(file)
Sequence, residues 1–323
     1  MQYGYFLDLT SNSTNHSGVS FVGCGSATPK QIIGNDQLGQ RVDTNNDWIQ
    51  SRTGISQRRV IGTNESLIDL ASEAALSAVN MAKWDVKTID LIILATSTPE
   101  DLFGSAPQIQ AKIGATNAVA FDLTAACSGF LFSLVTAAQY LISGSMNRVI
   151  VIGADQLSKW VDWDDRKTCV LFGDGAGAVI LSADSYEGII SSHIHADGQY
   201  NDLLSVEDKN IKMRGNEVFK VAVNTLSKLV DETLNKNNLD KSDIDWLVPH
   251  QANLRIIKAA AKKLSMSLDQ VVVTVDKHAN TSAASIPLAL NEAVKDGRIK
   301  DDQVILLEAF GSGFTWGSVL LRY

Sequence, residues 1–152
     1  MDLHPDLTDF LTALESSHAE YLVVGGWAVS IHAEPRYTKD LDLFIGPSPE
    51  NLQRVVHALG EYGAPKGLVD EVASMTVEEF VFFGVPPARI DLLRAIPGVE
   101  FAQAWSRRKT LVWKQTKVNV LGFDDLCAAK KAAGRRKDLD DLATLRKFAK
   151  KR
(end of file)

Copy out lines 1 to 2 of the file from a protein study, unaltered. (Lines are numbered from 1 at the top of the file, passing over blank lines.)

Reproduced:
Sequence, residues 1–323
     1  MQYGYFLDLT SNSTNHSGVS FVGCGSATPK QIIGNDQLGQ RVDTNNDWIQ